I try not to write about “purely legal” topics but a recent decision could have an effect on everybody— even though, at first blush, it may not seem like it. The story is about nothing more (or less) than a broken leg.
It seems every time I talk to a client about their latest citation, the story involves the Mine Safety & Health Administration (MSHA) taking a
more expansive view of the regulation itself, or, if not the regulation, whether the alleged citation was significant and substantial (S&S). As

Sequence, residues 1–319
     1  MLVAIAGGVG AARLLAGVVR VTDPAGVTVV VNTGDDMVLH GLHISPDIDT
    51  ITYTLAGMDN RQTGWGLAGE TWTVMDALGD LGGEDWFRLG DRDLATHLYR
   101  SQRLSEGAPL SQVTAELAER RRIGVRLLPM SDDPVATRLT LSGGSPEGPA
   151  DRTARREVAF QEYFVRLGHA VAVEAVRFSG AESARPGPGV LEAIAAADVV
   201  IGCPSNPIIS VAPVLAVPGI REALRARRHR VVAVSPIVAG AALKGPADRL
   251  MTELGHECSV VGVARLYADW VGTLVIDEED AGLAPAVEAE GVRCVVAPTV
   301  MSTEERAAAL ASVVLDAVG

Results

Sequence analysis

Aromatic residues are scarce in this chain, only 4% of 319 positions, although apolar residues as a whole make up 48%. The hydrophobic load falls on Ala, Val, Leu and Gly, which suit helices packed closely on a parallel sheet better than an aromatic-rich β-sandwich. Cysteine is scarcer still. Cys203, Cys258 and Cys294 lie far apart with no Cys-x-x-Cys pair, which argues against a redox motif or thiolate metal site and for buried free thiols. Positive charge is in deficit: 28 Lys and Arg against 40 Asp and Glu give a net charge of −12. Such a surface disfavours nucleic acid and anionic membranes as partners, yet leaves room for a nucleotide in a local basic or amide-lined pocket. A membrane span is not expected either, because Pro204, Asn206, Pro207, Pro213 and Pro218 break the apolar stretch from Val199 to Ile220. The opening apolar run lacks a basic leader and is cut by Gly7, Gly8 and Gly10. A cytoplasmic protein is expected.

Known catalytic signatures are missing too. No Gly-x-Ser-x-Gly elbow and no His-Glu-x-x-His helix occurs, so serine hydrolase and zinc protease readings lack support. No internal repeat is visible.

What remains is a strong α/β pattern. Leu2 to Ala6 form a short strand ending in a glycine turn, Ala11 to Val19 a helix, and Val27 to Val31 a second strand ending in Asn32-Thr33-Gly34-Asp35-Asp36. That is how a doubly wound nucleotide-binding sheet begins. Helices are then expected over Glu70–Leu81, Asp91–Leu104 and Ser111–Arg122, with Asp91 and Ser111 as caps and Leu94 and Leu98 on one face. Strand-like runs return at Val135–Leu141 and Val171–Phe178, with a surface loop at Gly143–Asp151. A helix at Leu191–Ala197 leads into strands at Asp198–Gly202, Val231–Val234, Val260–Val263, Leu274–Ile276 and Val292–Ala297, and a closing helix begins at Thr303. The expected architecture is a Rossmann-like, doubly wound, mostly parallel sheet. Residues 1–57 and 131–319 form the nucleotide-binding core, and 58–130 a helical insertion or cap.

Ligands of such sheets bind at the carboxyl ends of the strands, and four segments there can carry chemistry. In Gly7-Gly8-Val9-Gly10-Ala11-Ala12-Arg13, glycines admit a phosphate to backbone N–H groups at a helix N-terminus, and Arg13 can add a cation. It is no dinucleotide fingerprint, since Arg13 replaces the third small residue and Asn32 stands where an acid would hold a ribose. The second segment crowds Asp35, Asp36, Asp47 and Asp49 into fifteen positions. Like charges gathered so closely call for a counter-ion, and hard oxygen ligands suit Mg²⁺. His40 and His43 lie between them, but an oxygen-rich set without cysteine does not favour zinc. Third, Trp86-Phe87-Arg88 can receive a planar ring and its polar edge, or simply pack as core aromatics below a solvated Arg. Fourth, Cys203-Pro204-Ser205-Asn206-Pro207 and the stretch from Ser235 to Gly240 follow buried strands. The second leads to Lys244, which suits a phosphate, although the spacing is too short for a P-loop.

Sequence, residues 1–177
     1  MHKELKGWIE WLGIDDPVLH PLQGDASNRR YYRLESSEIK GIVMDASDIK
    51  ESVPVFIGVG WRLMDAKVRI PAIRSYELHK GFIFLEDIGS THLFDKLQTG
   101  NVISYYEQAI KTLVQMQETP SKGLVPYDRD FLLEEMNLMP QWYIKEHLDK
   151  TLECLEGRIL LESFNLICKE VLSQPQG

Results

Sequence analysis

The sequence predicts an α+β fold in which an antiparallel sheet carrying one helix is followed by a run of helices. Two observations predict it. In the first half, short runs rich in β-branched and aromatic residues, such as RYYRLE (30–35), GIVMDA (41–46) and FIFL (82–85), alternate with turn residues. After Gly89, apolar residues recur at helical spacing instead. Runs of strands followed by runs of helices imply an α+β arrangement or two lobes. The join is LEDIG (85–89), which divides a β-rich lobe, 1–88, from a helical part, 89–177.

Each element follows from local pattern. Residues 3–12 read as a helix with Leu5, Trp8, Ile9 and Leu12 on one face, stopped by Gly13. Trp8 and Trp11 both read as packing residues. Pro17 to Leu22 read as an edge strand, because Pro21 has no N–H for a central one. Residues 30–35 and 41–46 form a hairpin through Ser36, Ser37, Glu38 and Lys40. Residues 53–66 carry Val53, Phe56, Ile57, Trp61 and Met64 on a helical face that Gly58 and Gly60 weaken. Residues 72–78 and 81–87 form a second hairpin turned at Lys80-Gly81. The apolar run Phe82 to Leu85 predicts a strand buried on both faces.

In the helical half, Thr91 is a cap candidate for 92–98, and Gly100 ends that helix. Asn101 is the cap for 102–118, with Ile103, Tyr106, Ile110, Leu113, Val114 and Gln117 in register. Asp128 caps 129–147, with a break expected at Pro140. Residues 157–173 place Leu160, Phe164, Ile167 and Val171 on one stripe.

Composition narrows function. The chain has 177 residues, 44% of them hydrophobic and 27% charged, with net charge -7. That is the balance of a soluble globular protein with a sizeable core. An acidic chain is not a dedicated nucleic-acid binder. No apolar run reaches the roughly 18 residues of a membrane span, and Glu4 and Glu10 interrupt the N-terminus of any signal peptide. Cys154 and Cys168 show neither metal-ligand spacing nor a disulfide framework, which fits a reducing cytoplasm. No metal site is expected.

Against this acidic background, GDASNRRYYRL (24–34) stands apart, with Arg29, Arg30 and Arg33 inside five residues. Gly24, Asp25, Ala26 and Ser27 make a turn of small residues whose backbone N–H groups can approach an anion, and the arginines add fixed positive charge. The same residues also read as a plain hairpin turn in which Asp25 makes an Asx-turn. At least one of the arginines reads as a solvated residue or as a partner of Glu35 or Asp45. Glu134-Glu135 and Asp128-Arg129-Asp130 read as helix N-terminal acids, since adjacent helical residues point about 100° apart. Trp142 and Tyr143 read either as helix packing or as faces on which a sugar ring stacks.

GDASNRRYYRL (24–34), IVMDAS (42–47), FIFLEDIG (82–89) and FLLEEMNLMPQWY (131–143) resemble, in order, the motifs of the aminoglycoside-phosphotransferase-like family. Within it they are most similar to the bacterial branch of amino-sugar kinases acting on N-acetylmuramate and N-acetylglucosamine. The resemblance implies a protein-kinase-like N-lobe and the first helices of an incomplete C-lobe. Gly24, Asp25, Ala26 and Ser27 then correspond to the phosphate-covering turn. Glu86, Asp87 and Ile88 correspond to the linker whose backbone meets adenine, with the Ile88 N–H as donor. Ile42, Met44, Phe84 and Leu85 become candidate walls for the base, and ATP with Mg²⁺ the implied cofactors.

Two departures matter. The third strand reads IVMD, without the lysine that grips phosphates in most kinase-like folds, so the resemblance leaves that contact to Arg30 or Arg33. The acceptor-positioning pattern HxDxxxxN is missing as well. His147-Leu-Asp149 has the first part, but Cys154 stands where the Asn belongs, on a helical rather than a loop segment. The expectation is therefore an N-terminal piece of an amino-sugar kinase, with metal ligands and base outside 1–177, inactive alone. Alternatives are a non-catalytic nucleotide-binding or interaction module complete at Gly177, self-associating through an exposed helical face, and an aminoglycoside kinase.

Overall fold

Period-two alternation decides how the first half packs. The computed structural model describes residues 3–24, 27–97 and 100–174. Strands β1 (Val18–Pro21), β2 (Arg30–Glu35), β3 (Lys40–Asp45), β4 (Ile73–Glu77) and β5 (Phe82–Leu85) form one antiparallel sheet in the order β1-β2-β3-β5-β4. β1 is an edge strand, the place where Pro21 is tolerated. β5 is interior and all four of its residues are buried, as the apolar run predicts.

we all know by now, the test for S&S was set out in a decision issued in 1981 (Cement Division, National Gypsum Co. 3 FMSHRC 822). That
case, and the cases that followed and explained it, essentially held that a violation is S&S if it meets a two part test: First, the violation
must be reasonably likely to result in an accident and second, that accident must be reasonably expected to result in a serious injury.
Despite that well-established and long-standing test, I hear more and more stories about how MSHA came up with a very convoluted and
improbable set of events that could lead to an accident and an explanation that, while the accident really wasn’t reasonably expected to
result in a serious injury, a person “could die.”
To read the full article, click below.
Reprinted with permission from Aggregates Manager Magazine.